The Wonder of Wildness

In NH, many of us look forward to the snow as we would to an extended visit from a well loved friend. We feel awkward in January if rain comes and begins chewing on our snow blanket, leaving puddles to freeze underfoot, sometimes in pockets of black ice. 

Winter rains often mean ice patches on ski trails and scuttled plans to ski, snow shoe, or even to just go downtown. We wonder whether the lake or pond will freeze enough for safe skating.

 We relax again when a gentle storm brings down a fresh new blanket, especially if it’s cold and light- easy to shovel! Kids get excited by wet snowfalls at warmer temperatures and imagine the snowmen, igloo, fort or snowball fights if enough snow falls!

 There’s something very comforting and reassuring about hearing and feeling the crunch of snow underfoot that puts winter back in kilter when the snow finally arrives. The deeper the snow, the warmer the house feels.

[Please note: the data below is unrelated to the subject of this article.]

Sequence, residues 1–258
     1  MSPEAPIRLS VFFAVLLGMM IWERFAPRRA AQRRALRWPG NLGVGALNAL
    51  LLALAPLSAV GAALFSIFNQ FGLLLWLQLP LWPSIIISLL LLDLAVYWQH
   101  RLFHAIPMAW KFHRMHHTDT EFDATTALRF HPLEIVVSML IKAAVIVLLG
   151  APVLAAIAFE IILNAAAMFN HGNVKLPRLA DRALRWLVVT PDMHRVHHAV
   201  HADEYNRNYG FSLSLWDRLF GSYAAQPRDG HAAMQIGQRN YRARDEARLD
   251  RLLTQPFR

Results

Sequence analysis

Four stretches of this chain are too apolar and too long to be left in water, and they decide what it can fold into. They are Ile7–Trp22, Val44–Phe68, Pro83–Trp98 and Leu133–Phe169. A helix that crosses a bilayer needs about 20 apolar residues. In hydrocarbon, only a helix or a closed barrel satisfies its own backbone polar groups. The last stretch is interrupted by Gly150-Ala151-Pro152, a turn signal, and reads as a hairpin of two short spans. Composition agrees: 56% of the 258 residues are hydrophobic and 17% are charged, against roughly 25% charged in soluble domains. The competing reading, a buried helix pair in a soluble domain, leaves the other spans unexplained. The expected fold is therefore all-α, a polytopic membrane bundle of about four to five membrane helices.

Snow is part of the wonder of the wildness in life. Something in us softens when we view forest changes in winter, whether on a drive, or on foot. We imagine bears in their dens. We wonder how the deer and moose can stay warm sleeping on the snow. We look for signs of the other four leggeds who come up from subnivean burrows, and leave their tracks behind them before darting back down again. We wonder who did what when different tracks cross.

 Even if we never enter the woods, it’s reassuring to know that the forest is there. Our wilderness continues to ground us, despite whatever is happening elsewhere in the world. Writers like Wallace Stegner encouraged us to save whatever is left of our forests, not just for recreation but to know the silence of the forest, have the sense that we are kin to the other animals, a part of the natural world. And we can keep a healthy sense of perspective in the process.

 Some of the ways we can keep each other well is to be considerate of our forest kin, value the diversity among them, and protect their habitat.

 Currently, the Forest Society needs our help to protect the Balsams property sale. Contributions can be mailed to Forest Society, 54 Portsmouth St., Concord, NH 03301 or to


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